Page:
Advertisement

The Paradox of Direct Democracy and Elite Accommodation: The Case of Switzerland

  • Matt Qvortrup
Chapter
Part of the International Political Theory book series (IPoT)

Abstract

Drawing on Lijphart’s classic model of consociationalism, this chapter outlines the relationship between consociationalism and presents a tour d’horizon of referendums in consociational systems. It is shown that referendums on constitutional settlements can strengthen the legitimacy of these settlements. Further, a case study of Switzerland suggests that mechanisms of direct democracy have given citizens and civil society groups a vehicle for providing input into the elite-dominated system. The referendum has not undermined consociationalism; rather the device has strengthened the system’s legitimacy. The chapter elaborates on whether it might be a good idea to introduce this mechanism in Northern Ireland.

References

  1. Altman, D. (2011). Direct Democracy Worldwide. Cambridge: Cambridge University Press.Google Scholar
  2. Andreas, E., et al. (1998). Revolution und Innovation – Die konfliktreiche Entstehung des schweizerischen Bundesstats von 1848. Zürich: Chronos.Google Scholar
  3. Aubert, J.-F. (1974). Petite histoire constitutionelle de la Suisse. Bern: Francke.Google Scholar
  4. Auer, A. (1996). Die Ursprünge der direkten Demokratie. Kolloquium vom 27.–29. April 1995 Forschungs- und Dokumentationszentrum Direkte Demokratie, Faculté de Droit et le Centre d´Etudes.Google Scholar
  5. Bachrach, P., & Baratz, M. S. (1962). Two Faces of Power. The American Political Science Review, 56(4), 947–952.CrossRefGoogle Scholar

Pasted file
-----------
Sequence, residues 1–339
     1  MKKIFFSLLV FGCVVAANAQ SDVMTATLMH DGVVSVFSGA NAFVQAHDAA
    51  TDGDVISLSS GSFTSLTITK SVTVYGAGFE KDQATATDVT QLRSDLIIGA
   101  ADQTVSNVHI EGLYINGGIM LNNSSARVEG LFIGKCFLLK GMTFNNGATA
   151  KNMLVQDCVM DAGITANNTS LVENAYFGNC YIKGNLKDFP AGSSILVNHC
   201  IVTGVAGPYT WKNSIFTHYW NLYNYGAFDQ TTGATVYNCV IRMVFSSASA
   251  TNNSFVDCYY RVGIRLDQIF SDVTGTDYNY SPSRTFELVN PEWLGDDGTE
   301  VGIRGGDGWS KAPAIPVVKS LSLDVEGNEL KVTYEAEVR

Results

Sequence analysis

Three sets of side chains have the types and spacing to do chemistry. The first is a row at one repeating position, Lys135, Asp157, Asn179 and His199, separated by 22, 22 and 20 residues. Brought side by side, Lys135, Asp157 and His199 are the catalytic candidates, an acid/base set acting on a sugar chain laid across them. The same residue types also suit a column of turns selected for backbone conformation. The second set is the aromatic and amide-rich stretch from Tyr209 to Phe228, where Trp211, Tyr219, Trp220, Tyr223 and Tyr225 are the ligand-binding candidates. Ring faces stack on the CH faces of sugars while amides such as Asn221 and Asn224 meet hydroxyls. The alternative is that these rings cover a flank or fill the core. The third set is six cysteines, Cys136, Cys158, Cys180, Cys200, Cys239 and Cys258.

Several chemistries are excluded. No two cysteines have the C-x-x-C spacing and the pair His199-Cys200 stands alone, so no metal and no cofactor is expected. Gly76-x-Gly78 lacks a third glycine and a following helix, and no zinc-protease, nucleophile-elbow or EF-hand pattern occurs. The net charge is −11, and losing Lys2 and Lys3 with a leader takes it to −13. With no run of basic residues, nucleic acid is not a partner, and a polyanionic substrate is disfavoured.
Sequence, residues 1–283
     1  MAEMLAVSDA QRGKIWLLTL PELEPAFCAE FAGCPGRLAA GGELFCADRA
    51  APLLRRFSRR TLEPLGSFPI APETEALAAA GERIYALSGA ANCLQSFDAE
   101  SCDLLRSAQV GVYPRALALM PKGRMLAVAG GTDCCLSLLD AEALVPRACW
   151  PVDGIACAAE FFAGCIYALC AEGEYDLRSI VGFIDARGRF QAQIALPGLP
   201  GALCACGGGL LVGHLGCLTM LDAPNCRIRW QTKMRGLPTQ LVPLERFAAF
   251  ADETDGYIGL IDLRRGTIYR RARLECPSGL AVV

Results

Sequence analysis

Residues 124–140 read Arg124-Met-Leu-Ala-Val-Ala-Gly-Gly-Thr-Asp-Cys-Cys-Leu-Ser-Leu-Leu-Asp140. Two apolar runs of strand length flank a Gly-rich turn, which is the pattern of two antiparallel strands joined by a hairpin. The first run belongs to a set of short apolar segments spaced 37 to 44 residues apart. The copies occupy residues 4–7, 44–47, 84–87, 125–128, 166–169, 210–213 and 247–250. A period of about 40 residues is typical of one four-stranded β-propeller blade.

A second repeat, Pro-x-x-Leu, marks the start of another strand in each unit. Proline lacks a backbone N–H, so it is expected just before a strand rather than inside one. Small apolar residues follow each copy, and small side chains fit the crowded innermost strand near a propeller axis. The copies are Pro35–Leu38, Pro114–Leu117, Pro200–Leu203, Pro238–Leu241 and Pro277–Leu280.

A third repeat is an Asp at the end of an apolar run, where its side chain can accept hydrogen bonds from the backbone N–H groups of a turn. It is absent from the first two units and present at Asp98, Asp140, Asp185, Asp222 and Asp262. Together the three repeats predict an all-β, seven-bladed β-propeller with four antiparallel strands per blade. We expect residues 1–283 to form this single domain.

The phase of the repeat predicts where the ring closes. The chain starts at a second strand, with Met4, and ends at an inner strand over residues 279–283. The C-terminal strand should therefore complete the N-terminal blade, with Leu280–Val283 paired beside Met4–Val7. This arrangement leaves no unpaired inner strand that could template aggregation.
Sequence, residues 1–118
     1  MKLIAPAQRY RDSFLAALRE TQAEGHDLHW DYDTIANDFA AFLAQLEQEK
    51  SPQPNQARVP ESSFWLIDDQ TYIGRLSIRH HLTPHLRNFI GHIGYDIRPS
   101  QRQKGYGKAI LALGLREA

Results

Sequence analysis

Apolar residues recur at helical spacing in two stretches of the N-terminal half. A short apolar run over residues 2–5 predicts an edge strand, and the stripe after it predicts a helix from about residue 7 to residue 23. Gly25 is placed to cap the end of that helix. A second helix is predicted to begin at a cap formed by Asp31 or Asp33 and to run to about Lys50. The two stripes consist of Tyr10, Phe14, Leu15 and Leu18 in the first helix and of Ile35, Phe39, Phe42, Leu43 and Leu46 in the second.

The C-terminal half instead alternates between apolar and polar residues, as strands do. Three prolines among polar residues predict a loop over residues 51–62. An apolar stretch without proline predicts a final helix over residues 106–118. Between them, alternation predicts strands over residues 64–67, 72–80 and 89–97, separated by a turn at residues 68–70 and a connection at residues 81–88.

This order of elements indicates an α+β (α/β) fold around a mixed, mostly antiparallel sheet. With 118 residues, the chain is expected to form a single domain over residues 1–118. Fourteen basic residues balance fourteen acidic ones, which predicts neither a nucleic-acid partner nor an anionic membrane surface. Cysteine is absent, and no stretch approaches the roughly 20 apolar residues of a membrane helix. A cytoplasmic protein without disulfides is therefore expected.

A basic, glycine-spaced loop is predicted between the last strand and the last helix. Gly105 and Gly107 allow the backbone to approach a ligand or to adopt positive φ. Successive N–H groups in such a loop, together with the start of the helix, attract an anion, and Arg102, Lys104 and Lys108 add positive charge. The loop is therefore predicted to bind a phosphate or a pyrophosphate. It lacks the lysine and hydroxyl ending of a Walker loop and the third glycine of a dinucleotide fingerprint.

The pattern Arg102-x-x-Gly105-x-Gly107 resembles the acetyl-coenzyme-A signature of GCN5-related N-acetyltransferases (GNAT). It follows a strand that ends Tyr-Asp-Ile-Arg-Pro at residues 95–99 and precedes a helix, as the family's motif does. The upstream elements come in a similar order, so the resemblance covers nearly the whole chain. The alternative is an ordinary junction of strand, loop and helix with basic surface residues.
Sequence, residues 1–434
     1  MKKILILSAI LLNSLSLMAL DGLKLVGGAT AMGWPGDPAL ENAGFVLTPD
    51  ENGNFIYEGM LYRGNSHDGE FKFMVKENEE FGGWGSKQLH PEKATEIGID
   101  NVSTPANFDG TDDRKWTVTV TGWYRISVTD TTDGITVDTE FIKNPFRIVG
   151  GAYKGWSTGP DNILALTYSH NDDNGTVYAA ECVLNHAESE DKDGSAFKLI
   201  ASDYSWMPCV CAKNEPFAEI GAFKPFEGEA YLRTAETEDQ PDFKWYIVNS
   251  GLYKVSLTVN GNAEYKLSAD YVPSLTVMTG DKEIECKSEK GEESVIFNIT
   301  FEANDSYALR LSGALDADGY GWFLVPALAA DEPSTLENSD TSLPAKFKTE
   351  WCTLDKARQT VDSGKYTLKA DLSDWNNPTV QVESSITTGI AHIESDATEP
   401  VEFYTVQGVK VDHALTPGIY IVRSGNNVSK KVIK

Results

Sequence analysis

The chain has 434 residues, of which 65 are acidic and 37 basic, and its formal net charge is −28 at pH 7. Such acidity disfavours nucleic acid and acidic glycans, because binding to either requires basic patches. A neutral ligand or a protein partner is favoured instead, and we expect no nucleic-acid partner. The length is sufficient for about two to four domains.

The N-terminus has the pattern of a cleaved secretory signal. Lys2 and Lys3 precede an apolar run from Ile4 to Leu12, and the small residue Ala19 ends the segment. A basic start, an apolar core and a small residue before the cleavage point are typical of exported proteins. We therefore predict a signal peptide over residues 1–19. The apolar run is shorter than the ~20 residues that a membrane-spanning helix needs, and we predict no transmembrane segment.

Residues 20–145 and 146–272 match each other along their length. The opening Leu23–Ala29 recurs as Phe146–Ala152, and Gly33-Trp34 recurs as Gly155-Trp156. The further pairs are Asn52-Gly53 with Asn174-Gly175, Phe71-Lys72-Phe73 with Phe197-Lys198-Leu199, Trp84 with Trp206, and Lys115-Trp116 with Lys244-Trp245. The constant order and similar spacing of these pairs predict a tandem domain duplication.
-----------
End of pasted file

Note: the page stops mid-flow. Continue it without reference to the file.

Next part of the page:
6. Bose, S. (2002). Bosnia After Dayton: Nationalist Partition and International Intervention. Oxford: Oxford University Press.Google Scholar
  7. Brady, H. E., & Kaplan, C. S. (1994). Eastern Europe and the Former Soviet Union. In D. Butler & A. Ranney (Eds.), Referendums Around the World: The Growing Use of Direct Democracy (pp. 174–217). London: The Macmillan Press Ltd.CrossRefGoogle Scholar
  8. Dekmejian, R. H. (1978). Consociational Democracy in Crisis: The Case of Lebanon. Comparative Politics, 10(2), 251–265.CrossRefGoogle Scholar
  9. Eberle, T. S. (2007). Der Sonderfall Schweiz aus soziologischer Perspektive. In T. Eberle & K. Imhof (Eds.), Sonderfall Schweiz (pp. 7–22). Zürich: Seismo.Google Scholar
  10. Eckstein, H. (1975). Case Study and Theory in Political Science. In F. Greenstein & N. Polsby (Eds.), Handbook of Political Science Vol. 7: Strategies of Inquiry (pp. 119–164). Reading: Addison-Wesley.Google Scholar
  11. Hayes, B. C., & McAllister, I. (2001). Who Voted for Peace? Public Support for the 1998 Northern Ireland Agreement. Irish Political Studies, 16(1), 73–93.CrossRefGoogle Scholar
  12. Hug, S., & Schulz, T. (2007). Left—Right Positions of Political Parties in Switzerland. Party Politics, 13(3), 305–330.CrossRefGoogle Scholar
  13. Kant, I. (2006) [1784]. Idea for a Universal History from a Cosmopolitan Perspective. In P. Kleingeld (Ed.), Towards Perpetual Peace and Other Writings on Politics, Peace and History (pp. 3–16). New Haven: Yale University Press.Google Scholar
  14. Klein, C. (1996). Théorie et pratique du pouvoir constituant. Paris: Presses universitaires de France.Google Scholar
  15. Lehmbruch, G. (1993). Consociational Democracy and Corporatism in Switzerland. Publius: The Journal of Federalism, 23(2), 43–60.Google Scholar
  16. Lijphart, A. (1968a). The Politics of Accommodation: Pluralism and Democracy in the Netherlands. Berkeley: University of California Press.Google Scholar
  17. Lijphart, A. (1968b). Typologies of Democratic Systems. Comparative Political Studies, 1(1), 3–44.CrossRefGoogle Scholar